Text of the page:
We're broke ... time for a new tax
Given the country's fiscal hole, former Fed chair Paul Volcker and many tax experts say there may be a need for a value-added tax.
NEW YORK (CNNMoney.com) -- President Obama has been steadfast in his pledge that he won't raise taxes on those making less than $250,000. But that doesn't mean only high-income households will be subject to higher taxes.
An increasing number of influential Democrats and fiscal-policy experts have signaled that lawmakers will have to get a handle on the deficit. And they recommend seriously considering the creation of a value-added tax (VAT) on top of the federal income tax.
That could mean more money out of everyone's pockets when buying virtually anything -- sweaters, school books, furniture, pottery classes, dinners out.
A VAT is tax on consumption similar to a national sales tax. But it's not just paid at the cash register. It's levied at every stage of production. So all businesses involved in making a product or performing a service would pay a VAT, although they would pass that cost on through higher prices. And then the end-user -- such as the retail customer -- ponies up as well.
No one is suggesting raising taxes or creating new ones before the economy stabilizes.
But Paul Volcker, the former chairman of the Federal Reserve who heads President Obama's tax reform panel, is advocating a little advance planning.
When it comes to getting control of the country's debt burden, "I think if we can't do it on the cost side, we've got to go on the revenue side. And it's too early to do it, but it's not too early to begin wondering," Volcker said Wednesday in an televised interview with PBS' Charlie Rose. "You've got talk about some tax that hits consumption," said Volcker. "Value-added is one."
John Podesta, the head of the liberal think tank Center for American Progress who headed President Obama's transition team, also raised the issue of a VAT this week. He noted that the only way to stabilize the debt situation is to reduce spending, reduce the growth in health care costs and add new revenue.
"As progressives we need to debate the policy merits and likelihood of enacting a range of options -- including designing a small and more progressive value-added tax, changes to the corporate tax code, and taxing-upper income earners beyond reversing the Bush tax cuts," Podesta said in a statement.
Podesta's organization, meanwhile, said in a report, "Responsible people know that additional revenue has to be part of the mix even if they believe in lower taxes in general. And those who believe that government investments and spending are critical to our economic and social well-being ... recognize that tax increases on the wealthiest and corporations are not going to solve the whole problem."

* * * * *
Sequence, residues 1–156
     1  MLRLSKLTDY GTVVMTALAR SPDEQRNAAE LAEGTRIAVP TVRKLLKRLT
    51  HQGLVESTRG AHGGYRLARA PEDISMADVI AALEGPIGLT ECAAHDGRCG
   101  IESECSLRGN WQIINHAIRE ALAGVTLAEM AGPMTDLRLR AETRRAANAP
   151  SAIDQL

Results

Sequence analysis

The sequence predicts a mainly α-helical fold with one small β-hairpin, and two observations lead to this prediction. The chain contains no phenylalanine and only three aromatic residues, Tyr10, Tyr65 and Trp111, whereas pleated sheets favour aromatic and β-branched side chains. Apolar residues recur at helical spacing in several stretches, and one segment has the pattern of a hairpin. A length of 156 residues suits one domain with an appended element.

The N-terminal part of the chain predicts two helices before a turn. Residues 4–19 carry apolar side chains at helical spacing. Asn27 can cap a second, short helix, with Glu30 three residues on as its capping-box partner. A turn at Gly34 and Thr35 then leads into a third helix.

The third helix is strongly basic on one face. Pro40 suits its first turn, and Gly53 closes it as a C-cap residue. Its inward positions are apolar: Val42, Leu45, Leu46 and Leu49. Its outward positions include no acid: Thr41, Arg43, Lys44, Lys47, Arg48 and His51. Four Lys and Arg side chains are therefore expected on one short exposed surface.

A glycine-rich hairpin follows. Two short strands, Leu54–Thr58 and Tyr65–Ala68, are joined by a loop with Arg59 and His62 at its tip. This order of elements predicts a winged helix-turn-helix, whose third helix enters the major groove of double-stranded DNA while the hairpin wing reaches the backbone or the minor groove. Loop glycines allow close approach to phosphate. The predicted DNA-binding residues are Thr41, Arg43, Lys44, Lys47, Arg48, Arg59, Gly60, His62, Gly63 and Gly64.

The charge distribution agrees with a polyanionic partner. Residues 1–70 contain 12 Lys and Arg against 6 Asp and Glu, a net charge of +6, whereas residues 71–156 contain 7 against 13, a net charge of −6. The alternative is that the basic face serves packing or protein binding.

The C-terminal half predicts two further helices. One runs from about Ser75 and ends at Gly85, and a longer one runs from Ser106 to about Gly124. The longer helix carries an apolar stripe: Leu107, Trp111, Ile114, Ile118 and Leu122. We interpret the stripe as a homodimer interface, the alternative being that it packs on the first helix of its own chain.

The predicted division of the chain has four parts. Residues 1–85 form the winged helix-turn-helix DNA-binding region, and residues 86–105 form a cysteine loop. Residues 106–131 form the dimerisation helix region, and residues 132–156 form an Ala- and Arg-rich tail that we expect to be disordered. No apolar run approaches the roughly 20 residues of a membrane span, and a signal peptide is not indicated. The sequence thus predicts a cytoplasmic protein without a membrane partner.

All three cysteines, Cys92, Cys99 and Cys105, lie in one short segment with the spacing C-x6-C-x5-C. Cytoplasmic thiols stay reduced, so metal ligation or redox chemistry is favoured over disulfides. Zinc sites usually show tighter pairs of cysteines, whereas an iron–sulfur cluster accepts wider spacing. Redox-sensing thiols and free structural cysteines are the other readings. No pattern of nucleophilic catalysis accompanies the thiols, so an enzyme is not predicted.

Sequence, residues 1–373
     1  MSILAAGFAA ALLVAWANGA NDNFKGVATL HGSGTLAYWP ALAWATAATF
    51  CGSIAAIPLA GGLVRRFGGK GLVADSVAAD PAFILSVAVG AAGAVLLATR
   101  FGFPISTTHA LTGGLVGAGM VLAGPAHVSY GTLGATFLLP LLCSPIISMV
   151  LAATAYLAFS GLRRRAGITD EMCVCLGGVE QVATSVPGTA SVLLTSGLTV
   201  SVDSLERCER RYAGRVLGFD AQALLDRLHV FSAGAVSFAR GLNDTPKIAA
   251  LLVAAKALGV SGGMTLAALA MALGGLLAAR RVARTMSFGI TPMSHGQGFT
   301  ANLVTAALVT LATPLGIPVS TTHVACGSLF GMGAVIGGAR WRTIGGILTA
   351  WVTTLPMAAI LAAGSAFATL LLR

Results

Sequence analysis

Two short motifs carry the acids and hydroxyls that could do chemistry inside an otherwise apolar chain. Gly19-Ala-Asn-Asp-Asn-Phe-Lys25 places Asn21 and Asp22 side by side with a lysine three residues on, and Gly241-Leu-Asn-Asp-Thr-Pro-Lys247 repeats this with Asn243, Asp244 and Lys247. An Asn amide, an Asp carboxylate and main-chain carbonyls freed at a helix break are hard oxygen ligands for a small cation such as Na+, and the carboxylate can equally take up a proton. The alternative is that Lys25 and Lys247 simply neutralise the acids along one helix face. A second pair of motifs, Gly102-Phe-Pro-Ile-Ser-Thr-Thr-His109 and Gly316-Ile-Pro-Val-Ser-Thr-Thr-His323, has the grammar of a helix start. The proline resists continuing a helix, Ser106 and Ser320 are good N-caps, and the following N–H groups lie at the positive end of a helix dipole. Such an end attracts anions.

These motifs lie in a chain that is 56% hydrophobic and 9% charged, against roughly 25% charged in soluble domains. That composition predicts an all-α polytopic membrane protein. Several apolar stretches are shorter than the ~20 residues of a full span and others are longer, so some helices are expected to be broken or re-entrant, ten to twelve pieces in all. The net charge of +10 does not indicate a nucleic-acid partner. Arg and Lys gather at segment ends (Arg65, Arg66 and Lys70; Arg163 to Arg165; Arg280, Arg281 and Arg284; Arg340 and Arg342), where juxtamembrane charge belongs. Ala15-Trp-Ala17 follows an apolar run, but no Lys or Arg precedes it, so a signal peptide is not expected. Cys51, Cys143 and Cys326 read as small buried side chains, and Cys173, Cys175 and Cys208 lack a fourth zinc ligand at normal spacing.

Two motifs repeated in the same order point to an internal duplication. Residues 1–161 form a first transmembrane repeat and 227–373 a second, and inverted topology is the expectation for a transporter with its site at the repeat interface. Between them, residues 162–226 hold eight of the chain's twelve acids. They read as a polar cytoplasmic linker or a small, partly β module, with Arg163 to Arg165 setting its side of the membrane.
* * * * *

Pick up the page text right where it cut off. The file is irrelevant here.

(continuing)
President Obama has proposed closing corporate tax loopholes and increasing the tax bite on upper-income households by letting most of the 2001 and 2003 tax cuts expire for families making more than $250,000.
He has also proposed making those cuts permanent for everyone else -- which would cost federal coffers roughly $2 trillion in foregone tax revenue over 10 years.
Just how hard would it be to lean only on the top 5% of taxpayers to pay for everything the country has to do in the next 10 years?
"You'd have to hit them hard, raising their top marginal rates by as much as 30 percentage points," said Roberton Williams, a senior fellow at the non-partisan Tax Policy Center. In other words, instead of a top income tax rate of 39.6%, it would have to kiss up to 70%.
Rather than such draconian measures, experts say the most effective way to attack annual deficits is through a combination of spending cuts and tax hikes.
In theory, having a VAT might let lawmakers lower personal and corporate income tax rates.
But if the rate of the VAT is set relatively low -- say at 5% -- and if the rate of government spending continues apace, that might not raise enough revenue to make lower income tax rates a possibility, said Rudolph Penner, a former director of the Congressional Budget Office and now an institute fellow at the Urban Institute, a public policy research group.
"If we vigorously control spending growth or are willing to tolerate a significant, although lower deficit, there would be something left over for tax cuts," Penner said.
Currently, the notion of a VAT is "a non-starter from a political perspective," said William Gale, co-director of the Tax Policy Center, at a Center for American Progress conference this week.
Democrats say it's regressive, meaning it would hit lower-income people hardest since they tend to spend all of their income on consumption purchases that could be subject to the VAT. Low-tax advocates, such as conservative Republicans, see a VAT -- on top of the current tax system -- as harmful.
But given the depth of the nation's fiscal needs, there aren't many attractive options.
"Tax rates could be raised in the existing system, but that would be extremely inefficient," said Penner in a paper about the VAT. "Tax reform might raise revenues more efficiently, but that is excruciatingly difficult politically."